The US government has issued a security alert over the weekend, warning of possible acts of terrorism and cyber-attacks that could be carried out by Iran following the killing of a top general by the US military on Friday.
The warning comes in the form of a rare NTAS (National Terrorism Advisory System) alert, of which the US government has issued only a handful since 2011 when the system was put into place.
The alert was published a day after a targeted US drone strike killed Maj. Gen. Qassim Suleimani at the Baghdad airport. The airstrike came after violent protests and attacks on the American embassy in Baghdad by Iran-backed supporters.
Following Gen. Suleimani's killing, Iranian leadership and several affiliated violent extremist organizations publicly stated they intended to retaliate against the US. The DHS said that "Iran and its partners, such as Hizballah, have demonstrated the intent and capability to conduct operations in the United States."
Critical infrastructure, a prime target
According to the DHS' NTAS alert, possible attack scenarios could include "scouting and planning against infrastructure targets and cyber enabled attacks against a range of U.S.-based targets."
"Iran maintains a robust cyber program and can execute cyber attacks against the United States," the DHS said. "Iran is capable, at a minimum, of carrying out attacks with temporary disruptive effects against critical infrastructure in the United States."
Although Acting US Secretary of Homeland Security Chad F. Wolf said that "there is no specific, credible threat against the homeland," the NTAS alert also warns that "an attack in the homeland may come with little or no warning."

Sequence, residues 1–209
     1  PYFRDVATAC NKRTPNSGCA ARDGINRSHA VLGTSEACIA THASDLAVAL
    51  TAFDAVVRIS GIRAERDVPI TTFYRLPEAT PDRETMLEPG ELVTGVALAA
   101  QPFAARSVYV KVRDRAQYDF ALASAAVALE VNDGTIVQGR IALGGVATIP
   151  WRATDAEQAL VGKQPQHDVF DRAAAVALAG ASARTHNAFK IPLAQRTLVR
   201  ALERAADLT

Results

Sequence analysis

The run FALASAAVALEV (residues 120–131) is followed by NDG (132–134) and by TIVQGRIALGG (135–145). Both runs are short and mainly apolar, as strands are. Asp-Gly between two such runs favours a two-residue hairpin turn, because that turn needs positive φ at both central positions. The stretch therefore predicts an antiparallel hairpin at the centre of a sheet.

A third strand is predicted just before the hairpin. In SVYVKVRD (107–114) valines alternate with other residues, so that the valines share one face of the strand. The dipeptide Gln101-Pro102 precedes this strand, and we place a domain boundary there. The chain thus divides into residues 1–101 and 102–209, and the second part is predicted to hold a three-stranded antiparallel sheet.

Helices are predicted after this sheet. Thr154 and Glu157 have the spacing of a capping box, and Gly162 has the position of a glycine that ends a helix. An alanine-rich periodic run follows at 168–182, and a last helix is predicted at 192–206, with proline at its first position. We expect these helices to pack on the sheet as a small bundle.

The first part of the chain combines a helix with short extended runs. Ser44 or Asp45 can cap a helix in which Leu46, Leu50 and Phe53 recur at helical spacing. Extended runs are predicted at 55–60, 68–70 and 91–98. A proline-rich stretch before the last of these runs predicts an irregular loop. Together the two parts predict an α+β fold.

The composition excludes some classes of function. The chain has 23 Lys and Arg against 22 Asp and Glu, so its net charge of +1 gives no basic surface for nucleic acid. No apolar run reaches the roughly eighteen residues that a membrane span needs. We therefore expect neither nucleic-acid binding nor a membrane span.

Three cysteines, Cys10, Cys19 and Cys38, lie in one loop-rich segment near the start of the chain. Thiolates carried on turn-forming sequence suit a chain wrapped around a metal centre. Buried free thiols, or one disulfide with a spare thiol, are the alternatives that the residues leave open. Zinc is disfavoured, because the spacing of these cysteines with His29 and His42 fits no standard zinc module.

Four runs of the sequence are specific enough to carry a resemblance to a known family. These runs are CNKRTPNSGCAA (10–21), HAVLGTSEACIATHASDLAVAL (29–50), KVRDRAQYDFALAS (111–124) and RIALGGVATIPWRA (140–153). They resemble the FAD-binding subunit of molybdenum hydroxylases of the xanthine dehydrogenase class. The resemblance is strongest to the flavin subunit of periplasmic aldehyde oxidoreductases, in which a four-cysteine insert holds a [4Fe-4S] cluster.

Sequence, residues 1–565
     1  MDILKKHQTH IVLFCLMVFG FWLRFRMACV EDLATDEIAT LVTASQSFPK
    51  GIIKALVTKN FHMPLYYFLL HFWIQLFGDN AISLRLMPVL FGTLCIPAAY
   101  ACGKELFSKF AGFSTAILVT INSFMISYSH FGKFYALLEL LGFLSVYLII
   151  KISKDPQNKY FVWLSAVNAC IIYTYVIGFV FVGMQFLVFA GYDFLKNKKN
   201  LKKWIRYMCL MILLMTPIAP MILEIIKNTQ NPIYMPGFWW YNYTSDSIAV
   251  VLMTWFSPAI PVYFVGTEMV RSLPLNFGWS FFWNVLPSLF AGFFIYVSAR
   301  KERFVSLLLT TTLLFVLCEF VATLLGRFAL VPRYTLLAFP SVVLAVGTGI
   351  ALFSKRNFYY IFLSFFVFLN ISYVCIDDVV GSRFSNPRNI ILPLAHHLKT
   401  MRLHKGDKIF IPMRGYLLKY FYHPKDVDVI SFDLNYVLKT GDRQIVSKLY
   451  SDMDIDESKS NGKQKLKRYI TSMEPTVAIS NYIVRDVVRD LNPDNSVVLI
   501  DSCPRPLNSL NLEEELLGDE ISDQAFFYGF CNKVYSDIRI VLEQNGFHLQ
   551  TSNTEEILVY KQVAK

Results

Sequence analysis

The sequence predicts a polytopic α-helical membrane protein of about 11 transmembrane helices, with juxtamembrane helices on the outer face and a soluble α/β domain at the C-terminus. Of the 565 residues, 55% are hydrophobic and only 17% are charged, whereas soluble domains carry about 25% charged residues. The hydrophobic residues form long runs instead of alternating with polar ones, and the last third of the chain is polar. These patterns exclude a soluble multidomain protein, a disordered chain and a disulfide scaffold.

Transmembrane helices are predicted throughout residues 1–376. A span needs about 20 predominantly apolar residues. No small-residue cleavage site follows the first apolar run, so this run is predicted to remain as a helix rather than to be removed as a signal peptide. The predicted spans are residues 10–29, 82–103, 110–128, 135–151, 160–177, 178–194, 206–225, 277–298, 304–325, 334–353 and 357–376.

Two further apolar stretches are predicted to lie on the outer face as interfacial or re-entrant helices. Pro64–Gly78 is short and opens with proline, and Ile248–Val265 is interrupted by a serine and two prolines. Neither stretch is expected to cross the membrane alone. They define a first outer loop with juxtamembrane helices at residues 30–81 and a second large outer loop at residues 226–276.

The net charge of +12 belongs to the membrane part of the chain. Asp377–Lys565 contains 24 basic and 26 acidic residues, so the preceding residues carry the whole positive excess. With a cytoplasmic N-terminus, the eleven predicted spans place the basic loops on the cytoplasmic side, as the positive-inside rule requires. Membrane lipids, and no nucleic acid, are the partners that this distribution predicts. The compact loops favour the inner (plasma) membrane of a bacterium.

Cyber-security companies, such as Crowdstrike and FireEye, believe that any future cyber-attacks will most likely target US critical infrastructure, most likely using malware with destructive and data-wiping capabilities, as Iranian state-sponsored hacking groups have done in the past against other Middle East targets.
Iranian hacking groups have repeatedly attacked US targets over the past year, but the primary focus of these attacks has been cyber-espionage (Silent Librarian operation) or financially-motivated cybercrime (SamSam ransomware group).
Joe Slowik, an ICS malware hunter for Dragos, suggests the US should take a proactive approach and preempt some cyber-attacks.
"US (or US-associated elements) could use this period of Iranian uncertainty to disrupt or destroy command and control or infrastructure nodes required to control or launch retaliatory cyber strikes, nullifying such a capability before it could be called into action," Slowik said in a blog post published on Saturday.
As of the writing of this article, no official cyber response has been reported as originating from a known and established Iranian government-backed hacking group.
However, we've seen some low-level cyber-attacks over the weekend, in the form of website defacements. Defacements have been confirmed on around 20 websites.
One official government website, the Federal Depository Library Program (FDLP) portal, was also hit. According to an analysis of the hack, the FDLP portal was running an outdated Joomla install, which is most likely how the hackers executed the defacement.
The attacks appear to have been carried out by unsophisticated actors with no affiliation with the Tehran regime, with a long history of unsophisticated website defacements going back years. The attacks look to be opportunistic, rather than an actual, well-planned operation.
For the moment, most of the fallout from Gen. Soleimani's killing appears to be limited to the political front. For starters, the Iran government announced today it would no longer abide by the limits contained in the 2015 Iran-US nuclear deal. Further, the Iraqi parliament also voted to kick US troops out of the country.
In the meantime, the US State Department has urged US citizens "to depart Iraq immediately," as their lives could be in danger and might get caught in the middle of terror plots and kidnappings.